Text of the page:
• Address: 16835 Old Frankfort Road, Johnston City, IL 62951
  • Pricing: The site is updated for pricing. Be sure to visit this link.

3. Rush Creek Farms

Rush Creek Farms is a 15-acre goat farm that began operations in 2005. Its owners, Andrew and Jennifer Miller, are certified FAMACHA trainers.

Rush Creek Farms is located just outside Champaign-Urbana on the fertile prairie soils of east-central Illinois. The Millers are dedicated to a hybrid breeding program for Kiko, Savannah, and Boer goats

Their goal is to produce an animal desired by commercial goat breeders and slaughter-goat buyers by combining the mothering ability of the Kiko with the frame of the Savannah and Boer.

This farm observes strict criteria that help owners cultivate high-quality, fast-growing, and low-maintenance crossbred Kiko goats.

They adhere to the following rules:

  • Breeding parents must quickly bond with their children. Nursing should begin within 30 minutes of birth
  • Does must be dewormed no more than once a year and have good hoof quality
  • Does are expected to produce at least twins yearly (yearling does are allowed a single that first year)
  • Does must have at least an 80 percent Doe Efficiency Rating

Farm details:

  • Goat breeds: Crossbred Kiko goats
  • Website: rushcreekfarms.com
  • Contact: (563) 260-5727
  • Address: 1979 County Road 1100N Sidney, IL 61877
  • Pricing: Contact for details

4. Hillside Stock Farm

Run by the Meyers family: Rodney, Madelyn, Marshall, Maya, and Macy, Hillside Stock Farm has deep roots in the surrounding Chesbanse community.

First established back in 1899, and rearing goats since 2005, Hillside is equipped with excellent facilities and is a guaranteed top-of-the-line producer of Boer goats.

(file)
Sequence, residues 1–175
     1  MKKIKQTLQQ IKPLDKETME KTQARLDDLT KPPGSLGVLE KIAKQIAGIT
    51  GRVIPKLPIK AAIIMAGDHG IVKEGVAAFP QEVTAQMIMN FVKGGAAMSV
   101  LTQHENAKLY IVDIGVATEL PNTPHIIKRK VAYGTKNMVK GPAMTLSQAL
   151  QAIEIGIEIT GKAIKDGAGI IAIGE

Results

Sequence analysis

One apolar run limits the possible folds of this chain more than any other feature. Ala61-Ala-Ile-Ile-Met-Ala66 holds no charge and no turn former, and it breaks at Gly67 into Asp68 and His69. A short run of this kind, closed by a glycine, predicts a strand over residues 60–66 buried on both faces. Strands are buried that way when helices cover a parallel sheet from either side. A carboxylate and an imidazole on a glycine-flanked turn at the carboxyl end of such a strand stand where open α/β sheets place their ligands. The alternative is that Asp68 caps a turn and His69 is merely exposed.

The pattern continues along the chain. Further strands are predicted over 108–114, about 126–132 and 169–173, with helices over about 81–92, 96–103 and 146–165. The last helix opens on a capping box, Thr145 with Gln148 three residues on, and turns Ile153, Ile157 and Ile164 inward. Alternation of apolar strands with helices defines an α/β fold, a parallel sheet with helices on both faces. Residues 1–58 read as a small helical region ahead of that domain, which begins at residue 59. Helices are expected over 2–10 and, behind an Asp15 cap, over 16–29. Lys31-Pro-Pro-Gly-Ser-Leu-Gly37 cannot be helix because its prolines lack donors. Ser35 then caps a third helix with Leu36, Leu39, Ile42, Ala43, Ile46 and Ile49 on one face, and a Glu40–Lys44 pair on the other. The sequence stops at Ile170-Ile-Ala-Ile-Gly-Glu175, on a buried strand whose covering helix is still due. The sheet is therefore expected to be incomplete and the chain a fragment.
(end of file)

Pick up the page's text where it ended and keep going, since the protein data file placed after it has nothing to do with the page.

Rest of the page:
Home to a 40-50 head of various colored Boers, including wether bred bucks and does, they are best known locally for their black, black paints and spotted Boers.

Boer goats are highly valued for their size, quick weight gain, carcass quality, hardiness, and docility.

Rodney, who heads the farm’s operations, is committed to producing the best genetics and works with breeders selectively to ensure standards.

The farm is a continued exhibitor at meat and dairy goat shows across the country and enjoys a solid reputation as one of the best goat producers in Illinois state.

Farm details:

  • Goat breeds: Boer goats
  • Website: hillsideboergoats.com
  • Contact: (815) 697-3334
  • Address: 5611 W. 8000 S. Rd. Chenbanse, IL 60922
  • Pricing: Contact owners directly

Additional Information on the Best Places With Goats for Sale in Illinois

If you are having trouble finding a goat on any of the mentioned farms, perhaps expanding your search may help. Check goat farms in the following States; Indiana, Kentucky, and Iowa.

We take pleasure in helping experienced and new goat owners find the best fit and making goat ownership as easy and mutually beneficial as possible.

New to Owning Goats?

Owning a goat may seem scary for the first time. But, we have compiled some resources that should help you get started and make it easier for you to adjust. 

We cover everything, from goat nutrition to overall care, and answer some of the frequently asked questions. 

Check out our goat guides here and increase your knowledge of keeping goats.